the discovery of a handful of meteoritic artifacts in bronze-age burial
sites in west and central Iran. A cuneiform text, inscribed around 2000 B.C,
verifies ancient exploitation of meteorites.

I brought the amutu [iron meteorite] to the boss, and he said, "I will smelt
it!" I said, "I will not give permission for smelting." He said, "When you
have gone, I will smelt it." He smelted the amutu, a lump of three shekels
resulted, through smelting...I suffered a loss of four shekels. He offered
me eight shekels of gold [per shekel of meteorite] for the rest of the
amutu. I said, "It is too little." (Bjorkman, Judith K. 1973, p. 112)

Memory of the time when iron meteorites were so valuable may have persisted
through generations and fused with the belief in the spiritual and magical
powers assigned to iron meteorites. This memory also may have sustained a
high demand for these objects, despite their rarity and diminishing supply.
The Persian Magi were knowledgeable and wise specialists who would have
understood the situation, and we are aware of their eagerness to obtain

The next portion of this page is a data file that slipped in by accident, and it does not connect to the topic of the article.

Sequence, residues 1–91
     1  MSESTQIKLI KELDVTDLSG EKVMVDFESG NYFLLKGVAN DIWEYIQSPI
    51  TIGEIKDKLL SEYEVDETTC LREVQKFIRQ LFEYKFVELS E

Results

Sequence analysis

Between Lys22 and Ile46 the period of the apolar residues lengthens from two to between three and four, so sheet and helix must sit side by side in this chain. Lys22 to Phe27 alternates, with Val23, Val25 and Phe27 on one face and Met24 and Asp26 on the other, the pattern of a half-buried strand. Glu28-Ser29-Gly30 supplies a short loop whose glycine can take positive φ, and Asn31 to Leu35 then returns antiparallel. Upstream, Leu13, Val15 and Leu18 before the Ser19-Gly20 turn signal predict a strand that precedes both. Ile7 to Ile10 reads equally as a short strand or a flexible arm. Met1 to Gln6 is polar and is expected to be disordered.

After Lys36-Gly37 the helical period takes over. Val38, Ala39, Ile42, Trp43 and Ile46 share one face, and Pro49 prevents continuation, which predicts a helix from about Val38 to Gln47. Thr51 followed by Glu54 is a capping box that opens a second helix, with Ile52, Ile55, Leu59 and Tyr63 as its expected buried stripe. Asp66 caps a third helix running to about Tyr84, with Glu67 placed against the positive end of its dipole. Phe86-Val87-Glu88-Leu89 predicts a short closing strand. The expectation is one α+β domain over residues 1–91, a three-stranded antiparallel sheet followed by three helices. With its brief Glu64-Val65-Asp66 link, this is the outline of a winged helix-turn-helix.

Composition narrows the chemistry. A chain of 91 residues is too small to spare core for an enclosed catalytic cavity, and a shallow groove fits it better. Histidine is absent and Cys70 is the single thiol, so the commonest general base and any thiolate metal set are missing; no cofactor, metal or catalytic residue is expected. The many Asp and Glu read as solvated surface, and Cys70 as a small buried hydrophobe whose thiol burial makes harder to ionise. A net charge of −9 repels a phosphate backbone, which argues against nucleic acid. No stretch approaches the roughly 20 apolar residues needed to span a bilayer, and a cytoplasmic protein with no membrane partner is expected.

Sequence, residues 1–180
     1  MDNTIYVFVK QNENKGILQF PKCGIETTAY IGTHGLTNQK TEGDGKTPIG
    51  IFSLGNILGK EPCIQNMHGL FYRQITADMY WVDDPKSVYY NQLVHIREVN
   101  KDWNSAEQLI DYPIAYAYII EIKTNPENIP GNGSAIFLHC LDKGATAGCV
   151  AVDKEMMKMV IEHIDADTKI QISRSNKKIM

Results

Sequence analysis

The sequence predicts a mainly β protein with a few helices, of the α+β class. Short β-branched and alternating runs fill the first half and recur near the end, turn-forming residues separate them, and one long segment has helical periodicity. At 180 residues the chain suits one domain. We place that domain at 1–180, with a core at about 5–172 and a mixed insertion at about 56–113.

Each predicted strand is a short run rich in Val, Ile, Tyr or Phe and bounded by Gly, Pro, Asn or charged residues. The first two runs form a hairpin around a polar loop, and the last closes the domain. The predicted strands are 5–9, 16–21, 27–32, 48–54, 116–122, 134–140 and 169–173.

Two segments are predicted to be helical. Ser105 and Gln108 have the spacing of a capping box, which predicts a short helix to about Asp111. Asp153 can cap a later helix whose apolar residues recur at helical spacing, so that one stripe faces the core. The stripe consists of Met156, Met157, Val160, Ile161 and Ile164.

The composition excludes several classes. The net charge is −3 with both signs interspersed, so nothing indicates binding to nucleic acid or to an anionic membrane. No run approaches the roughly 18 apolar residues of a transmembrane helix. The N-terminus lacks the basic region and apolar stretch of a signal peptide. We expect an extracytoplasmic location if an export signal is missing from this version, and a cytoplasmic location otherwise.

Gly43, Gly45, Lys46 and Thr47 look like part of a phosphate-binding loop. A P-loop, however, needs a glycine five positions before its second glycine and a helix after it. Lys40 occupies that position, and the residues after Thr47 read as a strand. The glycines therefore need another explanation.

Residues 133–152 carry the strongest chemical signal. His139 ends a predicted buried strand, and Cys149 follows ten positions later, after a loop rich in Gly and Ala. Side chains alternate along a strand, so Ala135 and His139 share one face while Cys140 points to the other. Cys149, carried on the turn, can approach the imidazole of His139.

meteoritic material thanks to Pliny the Elder (first century A.D.). In the
Natural History (book XXXVII, chapter LI, line 135), Pliny describes several
kinds of fulgurites found in Kermania (Kerman), a south-central province of
Iran, and then, quoting Sotacus, Pliny comes to this point:

"Sotacus distinguishes also two other varieties of the stone, a black and a
red, resembling axe-heads. According to him, those among them that are black
and round are supernatural objects, and he states that thanks to [weapons
made of] them, cities and fleets are attacked and overcome, their name being
baetuli, while the elongated stones are cerauniae. These writers distinguish
yet another kind of cerauniae which is quite rare. According to them, the